In the year 2000 I noticed people in business taking significant legal risks in preparing emails in a rush. I wrote a detailed article with practical hints titled Email Abuse, search that expression on this site and you'll find the article PDF or go here.
Today poorly written emails are causing business and legal issues in epidemic proportions. (As evidence I'm guided by my firm's experience in new client matters.) These low quality emails feed into risky business proposals, unnecessarily stretch out transactions, and cause higher legal costs.
My purpose here is to reduce these issues with two practical suggestions.
The suggestions are reminderes on how to improve business email communication by adding appropriate opening and closing paragraphs. For a broader list see 10 habits for better business writing.
Business emails and business letters should have an appropriate beginning and ending.
1. How to begin
The beginning starts with an email's subject header or the "Re" section of a letter. They define the topic.
Make their content relevant, informative and useful. It's unhelpful to use one unchanging generic subject heading (eg "Project" or the business name of your side or the other side). Instead it might be better to have "Proposed project contract - [INSERT NAME] with [INSERT NAME]"
Turning to opening paragraphs, often in the first sentence, there should be a reference to the prior documentary trail.
It could be something like this: "Thanks for your email below to me of [INSERT DATE]." That's a lot better than: "I don't agree with what you say" followed by an unedited rambling note.
A poor subject header and a missing reference to the past documentary trail can make it:
Obvious the sender lacks sophistication in business communication and practices.
Harder to understand the trail of communication and required next steps.
Confusing as to which facts, views or topics remain issues or matters to work through.
Time consuming to identify and deal with differences of view, misunderstandings, or disputes.
Information processing and writing is central to what intellectual property, IT and business lawyers do.
Their regular work is to read client correspondence, put it into chronological or other logical order, examine gaps in facts, and prepare commentary to explain their observations. In time this results in capturing conclusions into the formats required by different species of legal and management documents such as memos, letters, emails, contracts, demand letters, and court documents.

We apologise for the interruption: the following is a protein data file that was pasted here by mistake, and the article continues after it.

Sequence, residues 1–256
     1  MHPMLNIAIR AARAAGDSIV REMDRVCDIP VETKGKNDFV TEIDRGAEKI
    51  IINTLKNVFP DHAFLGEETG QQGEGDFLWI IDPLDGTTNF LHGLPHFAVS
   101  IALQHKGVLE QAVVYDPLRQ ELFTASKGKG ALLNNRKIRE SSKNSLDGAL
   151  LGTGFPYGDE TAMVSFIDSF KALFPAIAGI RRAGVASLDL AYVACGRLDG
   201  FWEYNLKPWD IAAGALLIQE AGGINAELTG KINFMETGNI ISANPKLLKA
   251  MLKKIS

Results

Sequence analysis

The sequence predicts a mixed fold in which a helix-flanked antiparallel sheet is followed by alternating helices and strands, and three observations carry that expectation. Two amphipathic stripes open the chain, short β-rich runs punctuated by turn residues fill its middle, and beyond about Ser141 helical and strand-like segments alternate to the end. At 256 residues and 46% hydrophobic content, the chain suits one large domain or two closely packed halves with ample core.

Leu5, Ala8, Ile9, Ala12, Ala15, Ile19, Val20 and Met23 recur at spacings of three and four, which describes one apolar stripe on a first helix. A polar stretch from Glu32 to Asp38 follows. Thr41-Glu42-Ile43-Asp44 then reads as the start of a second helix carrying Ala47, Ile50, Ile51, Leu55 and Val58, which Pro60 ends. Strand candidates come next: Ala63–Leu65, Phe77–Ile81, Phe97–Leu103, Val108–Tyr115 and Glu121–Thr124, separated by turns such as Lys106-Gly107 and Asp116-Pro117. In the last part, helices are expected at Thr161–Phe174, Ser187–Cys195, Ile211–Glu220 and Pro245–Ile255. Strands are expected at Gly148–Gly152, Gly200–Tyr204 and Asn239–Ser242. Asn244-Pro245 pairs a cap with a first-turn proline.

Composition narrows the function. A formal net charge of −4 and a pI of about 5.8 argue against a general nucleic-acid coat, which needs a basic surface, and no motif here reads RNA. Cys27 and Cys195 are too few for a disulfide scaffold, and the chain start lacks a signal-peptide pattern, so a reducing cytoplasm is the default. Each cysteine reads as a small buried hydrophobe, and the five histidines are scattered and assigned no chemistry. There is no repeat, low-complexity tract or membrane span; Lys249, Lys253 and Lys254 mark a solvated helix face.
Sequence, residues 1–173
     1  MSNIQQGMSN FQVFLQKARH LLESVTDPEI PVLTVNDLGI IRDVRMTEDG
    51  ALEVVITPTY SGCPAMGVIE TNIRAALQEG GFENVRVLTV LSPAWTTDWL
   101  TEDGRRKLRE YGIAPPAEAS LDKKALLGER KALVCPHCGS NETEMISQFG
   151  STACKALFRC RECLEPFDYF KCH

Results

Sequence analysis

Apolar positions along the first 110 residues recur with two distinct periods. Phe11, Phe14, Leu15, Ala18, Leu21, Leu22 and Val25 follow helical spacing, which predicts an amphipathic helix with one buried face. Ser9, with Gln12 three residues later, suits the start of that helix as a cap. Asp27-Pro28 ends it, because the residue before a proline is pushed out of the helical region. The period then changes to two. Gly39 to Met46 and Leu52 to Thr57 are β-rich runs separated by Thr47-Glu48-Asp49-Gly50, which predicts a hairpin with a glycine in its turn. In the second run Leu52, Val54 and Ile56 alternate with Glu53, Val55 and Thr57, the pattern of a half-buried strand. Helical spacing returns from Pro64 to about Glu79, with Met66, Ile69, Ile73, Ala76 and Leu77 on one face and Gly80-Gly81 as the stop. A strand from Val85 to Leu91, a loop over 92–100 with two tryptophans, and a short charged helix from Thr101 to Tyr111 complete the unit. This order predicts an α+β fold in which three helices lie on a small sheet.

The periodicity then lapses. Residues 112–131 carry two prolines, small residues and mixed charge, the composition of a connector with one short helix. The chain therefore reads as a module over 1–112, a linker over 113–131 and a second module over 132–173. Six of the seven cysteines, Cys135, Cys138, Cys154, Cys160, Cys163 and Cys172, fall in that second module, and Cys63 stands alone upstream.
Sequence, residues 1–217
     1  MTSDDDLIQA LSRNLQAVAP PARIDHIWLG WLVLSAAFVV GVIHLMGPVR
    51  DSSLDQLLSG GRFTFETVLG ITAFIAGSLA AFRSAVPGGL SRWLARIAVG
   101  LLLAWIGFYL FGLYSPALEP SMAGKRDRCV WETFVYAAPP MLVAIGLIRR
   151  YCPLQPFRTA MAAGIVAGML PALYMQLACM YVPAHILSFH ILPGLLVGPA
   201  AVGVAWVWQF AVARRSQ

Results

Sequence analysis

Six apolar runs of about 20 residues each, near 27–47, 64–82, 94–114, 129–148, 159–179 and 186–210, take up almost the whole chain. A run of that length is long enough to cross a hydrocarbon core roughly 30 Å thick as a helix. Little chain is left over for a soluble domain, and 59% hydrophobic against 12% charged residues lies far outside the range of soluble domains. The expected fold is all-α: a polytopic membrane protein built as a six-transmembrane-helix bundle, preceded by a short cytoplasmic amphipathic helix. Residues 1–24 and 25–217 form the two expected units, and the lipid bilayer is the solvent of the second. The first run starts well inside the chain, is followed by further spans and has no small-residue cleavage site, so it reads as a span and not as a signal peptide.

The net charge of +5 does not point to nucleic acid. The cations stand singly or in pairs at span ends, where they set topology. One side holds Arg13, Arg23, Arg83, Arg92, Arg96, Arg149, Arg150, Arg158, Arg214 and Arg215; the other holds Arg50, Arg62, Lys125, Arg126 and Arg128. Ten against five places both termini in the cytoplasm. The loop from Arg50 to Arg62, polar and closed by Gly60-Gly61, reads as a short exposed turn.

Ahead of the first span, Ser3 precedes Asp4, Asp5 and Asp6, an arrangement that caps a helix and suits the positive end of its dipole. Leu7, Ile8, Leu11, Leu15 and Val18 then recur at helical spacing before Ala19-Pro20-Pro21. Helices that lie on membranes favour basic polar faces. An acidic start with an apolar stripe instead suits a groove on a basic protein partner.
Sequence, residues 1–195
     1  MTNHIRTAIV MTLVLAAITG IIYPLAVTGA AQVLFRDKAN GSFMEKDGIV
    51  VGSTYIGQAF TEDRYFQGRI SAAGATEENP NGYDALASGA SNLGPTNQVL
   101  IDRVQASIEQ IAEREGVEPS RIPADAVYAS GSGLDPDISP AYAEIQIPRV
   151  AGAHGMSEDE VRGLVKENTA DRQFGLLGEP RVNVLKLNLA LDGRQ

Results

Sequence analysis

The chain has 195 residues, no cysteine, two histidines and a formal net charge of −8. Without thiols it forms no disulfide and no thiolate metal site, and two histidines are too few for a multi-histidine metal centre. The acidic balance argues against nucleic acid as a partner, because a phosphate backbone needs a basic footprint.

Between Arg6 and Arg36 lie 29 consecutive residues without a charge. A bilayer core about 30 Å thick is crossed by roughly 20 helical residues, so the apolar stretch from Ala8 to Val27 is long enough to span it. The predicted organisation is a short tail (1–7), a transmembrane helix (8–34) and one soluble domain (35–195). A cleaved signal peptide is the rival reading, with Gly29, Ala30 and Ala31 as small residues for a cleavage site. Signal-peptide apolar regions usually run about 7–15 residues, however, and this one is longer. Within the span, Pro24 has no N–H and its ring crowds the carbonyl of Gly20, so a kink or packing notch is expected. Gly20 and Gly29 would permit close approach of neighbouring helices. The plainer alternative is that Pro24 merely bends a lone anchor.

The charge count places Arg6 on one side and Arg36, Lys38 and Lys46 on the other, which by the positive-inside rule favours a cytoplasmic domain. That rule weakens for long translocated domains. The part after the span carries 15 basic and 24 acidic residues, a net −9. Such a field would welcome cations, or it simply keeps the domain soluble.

Good emails aid and speed legal processing, bad ones hinder and stretch it out. Correspondence which is not referenced and crafted takes more time to process and can increase legal costs. Another risk is that personal or business emails you write may one day appear in a contract termination conversation or court case.
2. How to end
Turning now to the end of an email, it is good practice to conclude with a statement or question that links to the next task.
There are many variations for this, for example, end emails with "I look forward to your response", "I await your comments on the above proposal", "Before I proceed to do the above work, do you have any questions?", or "Please sign and return the attached draft agreement."
Customise the message at the ending as needed. Make liberal use of headings (eg "Next Steps") and if appropriate use numbered lists or bullet points to specify tasks.
What are the risks of an email with a missing end action task? Potentially, the parties become confused as to who is to do what, when, how, where or why. Momentum and focus is lost. This can erode trust between the sender and the recipient, increase annoyance, and lead to lost time and opportunities.
I'll end with broader observations. Today clients and their professional advisers are caught in a just in time services economy. Jim Belshaw, who writes the Management Perspectives blog, describes this contemporary reality as "See problem, fix problem".
A generation ago it was a general expectation that the needs identified in a letter should be answered or acknowledged within about 14 days; and fully dealt with in a month.
Today for each email there is an expectation that there should be an instant response or a substantive answer within a day, days or a week.
The challenge of this time compression can be reduced by making some tasks habitual, eg how to begin and end an email. The challenge can't be eliminated. There is the added problem of short termism. Real business and business law still require careful collation and assessment of information, quiet contemplation, real thinking, not habitual responses.